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Bangui, Central African Republic (AFP) Jan 14, 2014
The Central African Republic began the search for a peacemaker president Tuesday after months of traumatic conflict that saw unprecedented sectarian violence with almost a million people displaced.
A special session of parliament convened to elect a new interim leader for the poor landlocked country of 4.6 million people, where a terrifying spiral of atrocities pitted Muslims against the Christian majority.
Rebel-leader-turned-president Michel Djotodia resigned last week under international pressure over his failure to stem the violence that claimed 1,000 lives in the last month alone.
Opening the parliamentary session, Lea Koyassoum Doumta, the transitional ruling body's (CNT) vice president said: "We should elect a personality who will respond to the legitimate aspirations of our people who have suffered too much."
She urged CNT members "to avoid making partisan or community-led choices", but to listen to the people.
"We need someone who represents peace, national reconciliation and who will supervise future elections in a spirit of transparency," she added, telling AFP afterwards that she hoped the election would be held as early as Saturday.
"We need a neutral man, linked neither to the anti-balaka or the Seleka," said Edgar Mbaikoua, a CNT member presenting himself as "independent" at a cocktail party in the basement of the parliament building.
In Paris, French President Francois Hollande stressed that his country did not plan to interfere in its former colony's search for a leader.
"Political initiatives have been taken. We do not have the vocation to pick the leaders of Central Africa," he said.
Hollande also voiced confidence that Europe would back French peacekeeping efforts in Central Africa. France sent in troops more than a month ago.
"We have not finished our task, we have to continue it but in a very different context," he added.
A Pentagon spokesman meanwhile said US military aircraft will fly Rwandan troops to the country in the next few days as part of the MISCA African peacekeeping mission.
People remain very cautious
The violence on the ground has abated somewhat following Djotodia's resignation, with police patrolling the streets of the capital Bangui for the first time in weeks.
French and African troops also maintained a massive presence in the capital.
In a sign of improved security in Bangui, almost 150 staff at one of the main hospitals in town, the Hopital de l'Amitie, returned to work after fleeing at the height of clashes early in December, Save the Children said Tuesday.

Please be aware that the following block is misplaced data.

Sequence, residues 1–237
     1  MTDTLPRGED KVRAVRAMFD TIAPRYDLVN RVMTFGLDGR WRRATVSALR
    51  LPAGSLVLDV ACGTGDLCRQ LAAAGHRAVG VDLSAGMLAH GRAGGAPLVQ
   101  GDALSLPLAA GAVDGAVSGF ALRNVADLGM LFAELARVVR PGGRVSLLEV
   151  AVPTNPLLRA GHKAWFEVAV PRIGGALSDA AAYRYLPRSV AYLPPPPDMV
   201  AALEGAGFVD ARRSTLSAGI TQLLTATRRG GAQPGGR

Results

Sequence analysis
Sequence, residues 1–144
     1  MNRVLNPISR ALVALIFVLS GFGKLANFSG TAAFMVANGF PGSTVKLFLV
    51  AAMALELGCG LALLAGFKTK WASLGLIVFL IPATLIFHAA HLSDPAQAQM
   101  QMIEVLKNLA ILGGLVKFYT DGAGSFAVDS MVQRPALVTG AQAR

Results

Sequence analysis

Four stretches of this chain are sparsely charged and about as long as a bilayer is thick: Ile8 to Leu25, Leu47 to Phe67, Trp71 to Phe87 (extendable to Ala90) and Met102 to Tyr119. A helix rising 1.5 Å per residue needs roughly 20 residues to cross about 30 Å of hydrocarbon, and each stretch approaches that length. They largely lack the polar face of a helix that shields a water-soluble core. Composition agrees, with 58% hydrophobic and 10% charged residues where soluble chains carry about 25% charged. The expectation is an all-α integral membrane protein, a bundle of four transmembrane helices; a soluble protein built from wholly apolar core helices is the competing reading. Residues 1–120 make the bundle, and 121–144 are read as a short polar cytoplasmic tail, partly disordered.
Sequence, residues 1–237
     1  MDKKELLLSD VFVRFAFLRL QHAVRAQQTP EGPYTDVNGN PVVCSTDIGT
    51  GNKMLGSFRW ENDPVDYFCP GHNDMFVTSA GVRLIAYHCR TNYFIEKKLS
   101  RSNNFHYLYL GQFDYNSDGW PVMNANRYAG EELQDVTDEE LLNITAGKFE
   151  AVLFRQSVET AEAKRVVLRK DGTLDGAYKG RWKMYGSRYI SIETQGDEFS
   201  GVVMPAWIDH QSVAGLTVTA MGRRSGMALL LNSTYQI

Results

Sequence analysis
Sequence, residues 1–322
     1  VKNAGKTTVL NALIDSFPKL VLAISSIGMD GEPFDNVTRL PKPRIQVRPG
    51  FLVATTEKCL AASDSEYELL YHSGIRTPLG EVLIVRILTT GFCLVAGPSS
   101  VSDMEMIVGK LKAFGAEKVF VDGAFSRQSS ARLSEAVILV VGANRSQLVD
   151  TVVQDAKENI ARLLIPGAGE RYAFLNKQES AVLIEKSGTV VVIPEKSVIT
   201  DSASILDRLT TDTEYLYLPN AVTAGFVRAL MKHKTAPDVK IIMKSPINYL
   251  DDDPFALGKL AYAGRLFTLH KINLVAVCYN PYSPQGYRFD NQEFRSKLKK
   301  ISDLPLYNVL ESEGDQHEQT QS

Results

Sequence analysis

More than 500 patients have already been admitted this week, with the premises under the guard of Burundian soldiers from the MISCA African peacekeeping force, the charity said in a statement.
"The hospital is in a very populous part of the town, where many people have been displaced. The health care needs are enormous here," hospital director Abdulkarim Zakaria said.
Despite positive signs, few of the displaced scores of thousands who had fled to a sprawling, overcrowded tent city by Bangui's airport -- where 3,500 MISCA soldiers and 1,600 French troops are based -- were willing to risk going home.
There was "no large-scale return", said a representative of medical charity Doctors without Borders (MSF). "People remain very cautious. They are aware that the situation is still volatile."
'Gross human rights violations'
Current interim leader Alexandre-Ferdinand Nguendet, the speaker of parliament, had Monday urged the displaced to return home.
Nguendet, one of about a dozen potential candidates for interim president, seemed in campaign mode when he visited soldiers at an elite administration academy on Tuesday, saying: "I am the man of the situation."
Also Tuesday, a UN report said exactions had decreased in recent days but that the situation remained unstable, adding that around 40 deaths had been recorded in Bangui since Friday.
UN special representative Babacar Gaye said he was optimistic of a quick resolution to the political crisis but warned that "hatred is still present" between Muslims and Christians.
Djotodia, the first Muslim to lead the mainly Christian country, resigned at a summit of his regional peers after failing to halt the inter-religious violence in the wake of a March coup that ousted president Francois Bozize.
He proved unable to control his mainly Muslim Seleka rebels, whose looting, killing and raping spree sparked revenge attacks from Christian militias set up to defend against them.
Whoever is elected interim president will not be able to stand for elections due to be held no later than the first half of 2015.
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